Control design for power converters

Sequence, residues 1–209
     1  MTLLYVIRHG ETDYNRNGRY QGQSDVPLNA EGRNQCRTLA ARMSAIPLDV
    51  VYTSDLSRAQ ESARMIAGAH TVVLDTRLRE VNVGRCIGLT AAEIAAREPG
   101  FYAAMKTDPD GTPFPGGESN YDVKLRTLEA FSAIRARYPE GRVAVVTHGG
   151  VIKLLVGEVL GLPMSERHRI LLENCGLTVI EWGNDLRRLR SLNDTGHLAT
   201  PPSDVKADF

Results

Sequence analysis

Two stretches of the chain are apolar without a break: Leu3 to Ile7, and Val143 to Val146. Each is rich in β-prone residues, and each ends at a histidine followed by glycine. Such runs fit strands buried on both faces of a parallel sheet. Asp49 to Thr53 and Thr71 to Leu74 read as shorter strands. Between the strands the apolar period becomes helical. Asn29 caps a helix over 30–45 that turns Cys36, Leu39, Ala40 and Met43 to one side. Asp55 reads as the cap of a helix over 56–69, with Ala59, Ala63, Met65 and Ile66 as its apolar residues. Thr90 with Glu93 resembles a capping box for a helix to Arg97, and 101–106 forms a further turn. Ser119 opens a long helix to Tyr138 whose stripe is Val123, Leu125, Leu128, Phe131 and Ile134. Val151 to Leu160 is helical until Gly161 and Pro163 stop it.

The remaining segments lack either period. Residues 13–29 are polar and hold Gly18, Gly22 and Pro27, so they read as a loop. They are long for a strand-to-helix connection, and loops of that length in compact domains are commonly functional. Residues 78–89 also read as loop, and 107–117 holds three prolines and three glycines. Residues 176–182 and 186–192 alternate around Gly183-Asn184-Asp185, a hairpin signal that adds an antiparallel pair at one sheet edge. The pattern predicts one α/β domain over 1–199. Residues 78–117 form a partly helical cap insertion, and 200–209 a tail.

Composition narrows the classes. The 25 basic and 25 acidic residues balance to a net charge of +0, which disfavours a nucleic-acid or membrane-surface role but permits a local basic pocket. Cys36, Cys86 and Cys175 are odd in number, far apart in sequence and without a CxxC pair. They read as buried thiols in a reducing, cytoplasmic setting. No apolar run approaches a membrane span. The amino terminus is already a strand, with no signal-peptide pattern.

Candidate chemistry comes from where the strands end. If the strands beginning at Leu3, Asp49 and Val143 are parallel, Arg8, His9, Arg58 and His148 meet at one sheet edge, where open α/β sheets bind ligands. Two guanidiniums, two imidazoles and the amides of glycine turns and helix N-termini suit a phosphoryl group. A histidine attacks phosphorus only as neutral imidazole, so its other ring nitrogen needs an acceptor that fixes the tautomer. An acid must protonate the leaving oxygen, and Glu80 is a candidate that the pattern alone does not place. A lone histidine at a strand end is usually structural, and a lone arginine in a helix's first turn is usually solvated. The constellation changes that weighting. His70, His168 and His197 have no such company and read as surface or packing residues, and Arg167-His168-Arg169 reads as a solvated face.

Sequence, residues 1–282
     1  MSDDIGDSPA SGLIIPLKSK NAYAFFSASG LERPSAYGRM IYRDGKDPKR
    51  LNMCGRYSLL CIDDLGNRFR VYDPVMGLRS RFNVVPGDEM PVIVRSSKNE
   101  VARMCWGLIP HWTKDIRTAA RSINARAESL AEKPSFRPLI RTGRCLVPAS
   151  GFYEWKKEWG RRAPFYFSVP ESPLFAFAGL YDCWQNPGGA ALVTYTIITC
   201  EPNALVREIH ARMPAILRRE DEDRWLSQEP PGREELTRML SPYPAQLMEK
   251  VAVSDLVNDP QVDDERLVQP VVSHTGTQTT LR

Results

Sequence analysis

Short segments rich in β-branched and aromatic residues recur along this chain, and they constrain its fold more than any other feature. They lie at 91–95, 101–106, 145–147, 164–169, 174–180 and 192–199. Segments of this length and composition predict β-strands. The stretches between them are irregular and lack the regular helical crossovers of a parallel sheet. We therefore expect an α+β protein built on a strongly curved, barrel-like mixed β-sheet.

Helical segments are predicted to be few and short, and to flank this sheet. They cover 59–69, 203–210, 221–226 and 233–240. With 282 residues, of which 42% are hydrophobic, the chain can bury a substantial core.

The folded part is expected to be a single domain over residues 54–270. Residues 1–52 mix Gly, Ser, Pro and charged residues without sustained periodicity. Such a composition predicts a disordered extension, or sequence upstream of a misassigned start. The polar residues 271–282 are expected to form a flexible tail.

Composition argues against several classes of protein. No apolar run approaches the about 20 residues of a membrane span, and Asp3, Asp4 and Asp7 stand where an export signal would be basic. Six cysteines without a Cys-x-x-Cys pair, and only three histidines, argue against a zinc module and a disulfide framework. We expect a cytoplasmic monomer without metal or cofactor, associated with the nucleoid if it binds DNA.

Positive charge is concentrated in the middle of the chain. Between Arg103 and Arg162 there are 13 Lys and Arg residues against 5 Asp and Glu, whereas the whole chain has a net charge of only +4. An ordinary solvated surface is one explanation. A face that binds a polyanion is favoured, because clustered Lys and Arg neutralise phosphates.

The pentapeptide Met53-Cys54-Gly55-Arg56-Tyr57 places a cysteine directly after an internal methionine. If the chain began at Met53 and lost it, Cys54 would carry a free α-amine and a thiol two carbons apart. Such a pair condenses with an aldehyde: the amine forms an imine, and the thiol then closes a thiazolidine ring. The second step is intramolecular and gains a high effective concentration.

Control of power systems such as DC-AC and DC-DC inverters is an essential task for the reliability of systems. Here we focus on control of three-phase power current source and voltage source converters. Due to resource limitations such as the speed of the processor, the accuracy of sensors, faults and model uncertainties, designing an efficient and resilient controller is a challenging task.   This research area focuses on the concept of three-phase module-integrated converters (MICs) incorporated in grid-tied large-scale photovoltaic (PV) systems. The current-source converter with dc voltage boost capability, namely the single-stage power conversion system, is used for the three-phase PV MIC system. The focus is to design control techniques to control the active and reactive power simultaneously while the system model includes uncertainties and is under faults and attacks.  In our latest work, a model predictive scheme with low switching frequency is designed to control the proposed topology in such a way that provides a certain amount of active and reactive power in steady-state operation and also provides a proper ratio of reactive power under transient conditions to meet the low-voltage ride through regulations. To predict the future behavior of current control values and switching states, a discrete-time model of the MIC is developed in the synchronous reference frame. It is demonstrated that the injected active and reactive power can be controlled by minimizing the cost function introduced in the predictive switching algorithm. The proposed structure is simulated in MATLAB/SIMULINK software. Experimental verification is provided to justify the performance of the proposed control method through a 300-VA laboratory prototype. The results verify the desired performance of the proposed control scheme for exchanging both active and reactive powers between the PV MIC and the grid within different operating conditions.

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